On an Amazonian river, the birds and mammals are impressive, but there is also a huge amount of nutrient cycling in the water. These rivers cover vast areas of forest where huge amounts of protein become available during the wet season. Because of this, the predatory animals along the river are very often piscivorous, feeding on fishes occasionally or exclusively. This post is a brief photo introduction to a few of the fish-eating animals commonly seen along these rivers.
Fishing spiders (Pisauridae) were best photographed at night, as during the day they are extremely skittish and quick to hide. We did not see any giant examples, as I had in French Guiana, but I did not make a concerted search either.
The Green Kingfisher (Chloroceryle americana) is an impressive kingfisher species also found in the Southern USA
The related Amazon Kingfisher (Chloroceryle amazona), by contrast is even more robust and has a much larger bill.
The White-necked Heron, Ardea cocoi, is the Amazonian equivalent to the Great Blue Heron. We saw a great many of these. They would often fly in front of the boat for may hundreds of metres.
The Sunbittern (Eurypyga helias), despite its name, is not a bittern at all, but rather related to the gallinules.
Here is a juvenile Rufescent Tiger Heron (Tigrisoma lineatum), one of the more magnificent of the Tiger Herons.
The adult Rufescent Tiger Heron is a gem.
Something familiar…Sort of. This is a Neotropical Cormorant (Phalacrocorax brasilianus).
This one I remember from Florida. The Anhinga (Anhinga anhinga), or snakebird is like a cormorant which swims with its body submerged. Interestingly enough they also soar on thermals!
Osprey down here are all migrants from elsewhere.
Giant River Otters (Pteronura brasiliensis) were abundant along the Rewa, always travelling in groups. They cooperatively hunt for large fish and caiman, and have some real mustelid attitude!
Giant otter snacking on a fish.
In addition to these avian, arachnid and mustelid predators, we also had to be predators in order to eat during the trip. I dislike catching fish for sport, but when it became clear that there was no other protein along for the ride, we turned to fish with gusto. The fish along the Rewa are diverse and abundant, and can be reliably caught with simple equipment. Under sustained commercial fishing, the larger fish would likely be wiped out completely, but since the Rewa has so few visitors, there are large stocks of big fish available. Catching fish in the dry season is especially easy, as all the fish which ordinarily would be foraging in vast areas of flooded forest are concentrated in the river.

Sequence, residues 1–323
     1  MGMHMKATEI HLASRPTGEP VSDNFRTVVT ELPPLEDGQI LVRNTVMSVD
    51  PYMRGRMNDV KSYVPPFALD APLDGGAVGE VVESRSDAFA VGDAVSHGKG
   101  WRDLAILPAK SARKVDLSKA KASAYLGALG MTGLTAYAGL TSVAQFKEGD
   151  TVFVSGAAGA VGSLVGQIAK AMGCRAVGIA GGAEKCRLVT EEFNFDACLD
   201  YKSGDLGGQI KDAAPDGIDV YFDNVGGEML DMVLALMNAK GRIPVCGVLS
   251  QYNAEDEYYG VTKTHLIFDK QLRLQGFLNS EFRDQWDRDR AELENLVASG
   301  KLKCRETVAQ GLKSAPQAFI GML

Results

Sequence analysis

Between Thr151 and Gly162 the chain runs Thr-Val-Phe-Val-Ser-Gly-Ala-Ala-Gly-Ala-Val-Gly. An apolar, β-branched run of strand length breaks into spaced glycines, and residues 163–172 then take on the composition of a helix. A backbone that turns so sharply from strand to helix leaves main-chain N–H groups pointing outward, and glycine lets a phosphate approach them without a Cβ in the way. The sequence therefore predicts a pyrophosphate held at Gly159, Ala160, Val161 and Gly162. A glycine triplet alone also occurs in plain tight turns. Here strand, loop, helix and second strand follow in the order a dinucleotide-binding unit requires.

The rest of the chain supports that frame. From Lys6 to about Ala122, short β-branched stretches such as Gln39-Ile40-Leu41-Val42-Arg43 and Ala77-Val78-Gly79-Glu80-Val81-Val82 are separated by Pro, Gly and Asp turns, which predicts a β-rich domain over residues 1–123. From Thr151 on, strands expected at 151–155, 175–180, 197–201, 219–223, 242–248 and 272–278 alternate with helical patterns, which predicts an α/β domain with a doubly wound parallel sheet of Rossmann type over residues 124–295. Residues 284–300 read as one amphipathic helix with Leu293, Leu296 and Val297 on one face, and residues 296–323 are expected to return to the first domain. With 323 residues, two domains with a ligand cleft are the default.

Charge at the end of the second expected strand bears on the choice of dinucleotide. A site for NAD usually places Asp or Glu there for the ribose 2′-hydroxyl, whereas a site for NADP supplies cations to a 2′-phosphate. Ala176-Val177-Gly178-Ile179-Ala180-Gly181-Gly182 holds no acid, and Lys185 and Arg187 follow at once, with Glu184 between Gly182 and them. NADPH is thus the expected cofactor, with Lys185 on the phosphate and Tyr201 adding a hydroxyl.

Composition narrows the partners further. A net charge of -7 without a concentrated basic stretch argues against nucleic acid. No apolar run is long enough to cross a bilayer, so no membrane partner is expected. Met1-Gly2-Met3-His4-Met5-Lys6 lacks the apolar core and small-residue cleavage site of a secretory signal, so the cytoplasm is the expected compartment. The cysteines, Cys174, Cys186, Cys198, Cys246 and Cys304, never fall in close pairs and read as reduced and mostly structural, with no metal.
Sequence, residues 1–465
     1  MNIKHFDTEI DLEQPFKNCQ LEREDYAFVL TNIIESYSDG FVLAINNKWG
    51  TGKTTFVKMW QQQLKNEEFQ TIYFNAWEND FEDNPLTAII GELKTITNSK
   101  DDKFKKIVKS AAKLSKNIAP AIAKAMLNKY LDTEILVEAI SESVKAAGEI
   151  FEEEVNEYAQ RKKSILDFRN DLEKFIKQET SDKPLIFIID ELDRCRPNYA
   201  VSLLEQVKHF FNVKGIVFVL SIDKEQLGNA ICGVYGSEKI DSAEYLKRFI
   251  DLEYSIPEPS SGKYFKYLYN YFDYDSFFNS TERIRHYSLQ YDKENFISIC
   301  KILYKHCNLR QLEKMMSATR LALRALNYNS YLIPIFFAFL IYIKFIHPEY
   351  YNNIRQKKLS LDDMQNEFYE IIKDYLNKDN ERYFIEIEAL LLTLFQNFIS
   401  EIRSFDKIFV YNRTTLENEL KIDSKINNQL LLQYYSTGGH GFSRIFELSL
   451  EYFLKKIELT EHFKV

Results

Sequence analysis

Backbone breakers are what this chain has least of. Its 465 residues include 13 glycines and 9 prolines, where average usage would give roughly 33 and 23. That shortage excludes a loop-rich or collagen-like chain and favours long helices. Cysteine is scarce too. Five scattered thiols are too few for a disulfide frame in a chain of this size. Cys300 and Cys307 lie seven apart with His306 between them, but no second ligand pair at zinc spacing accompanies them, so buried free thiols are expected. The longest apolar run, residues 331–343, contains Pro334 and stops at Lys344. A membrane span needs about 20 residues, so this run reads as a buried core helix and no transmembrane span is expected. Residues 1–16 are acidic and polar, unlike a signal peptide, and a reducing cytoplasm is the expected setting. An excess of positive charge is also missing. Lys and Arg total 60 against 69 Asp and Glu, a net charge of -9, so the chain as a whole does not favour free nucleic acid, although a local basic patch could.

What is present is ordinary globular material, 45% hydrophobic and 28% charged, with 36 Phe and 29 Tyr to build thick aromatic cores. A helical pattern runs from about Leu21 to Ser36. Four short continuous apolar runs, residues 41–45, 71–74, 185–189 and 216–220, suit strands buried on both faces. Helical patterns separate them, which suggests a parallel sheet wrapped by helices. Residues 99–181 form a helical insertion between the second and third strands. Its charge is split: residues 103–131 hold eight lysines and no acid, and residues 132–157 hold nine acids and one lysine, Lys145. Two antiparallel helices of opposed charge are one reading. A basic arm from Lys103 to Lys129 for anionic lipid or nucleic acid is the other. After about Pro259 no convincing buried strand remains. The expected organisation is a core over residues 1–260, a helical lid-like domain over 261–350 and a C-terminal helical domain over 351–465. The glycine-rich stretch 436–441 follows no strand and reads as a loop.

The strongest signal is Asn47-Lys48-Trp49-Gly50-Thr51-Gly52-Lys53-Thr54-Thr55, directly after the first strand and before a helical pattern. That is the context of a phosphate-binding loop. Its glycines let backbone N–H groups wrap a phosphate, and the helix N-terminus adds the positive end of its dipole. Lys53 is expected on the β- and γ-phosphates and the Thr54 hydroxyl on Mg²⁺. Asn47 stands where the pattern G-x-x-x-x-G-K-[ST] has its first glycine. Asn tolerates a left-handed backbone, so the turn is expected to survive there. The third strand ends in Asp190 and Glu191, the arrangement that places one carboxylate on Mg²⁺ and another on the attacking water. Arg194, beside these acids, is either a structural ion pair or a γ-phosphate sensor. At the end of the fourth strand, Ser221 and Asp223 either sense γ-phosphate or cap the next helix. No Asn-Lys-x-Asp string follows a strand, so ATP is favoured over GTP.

This black piranha will be our evening meal.
Catch of the day: some peacock bass and something we will use as bait tomorrow.
Peacock bass, grilled.
Josy with the “vampire fish” or Payara, Hydrolycus scomberoides
The long fangs of these fish are quite impressive, fitting into slots in the upper jaw.
With direct flash, the fish looks even more scary!
Nonetheless, the payara is good eating. We also used the head for a special project! Stay tuned for the next post!
We did all our fishing with handlines, baited usually with pieces of small piranha. Here Brian and Rambo fish for tiger catfish
Here I am with a tiger catfish, genus Pseudoplatystoma. This is a great fish for eating, and two of these fed us for 3.5 days. Photo by Jonathan Meiburg.
The tiger catfish are absolutely gorgeous.
Further upriver, we caught some aimara (Hoplias aimara), which I was familiar with from working in French Guiana.
Brian and Jonathan with a big aimara. Jonathan is wearing Catherine’s home-made tubular headwear as protection from the sun, and maybe so this fish’s relatives don’t recognize him. All aimara claims for damages should be made to Jonathan’s record label, Sub Pop Records.
The day’s catch, with some to be dried to take home to Yupukari.
Aimara drying in the sun.
Stingless bees taking some of the aimara. Unlike other bees, meliponines feed scavenged meat to their larvae. Bees eat fish too!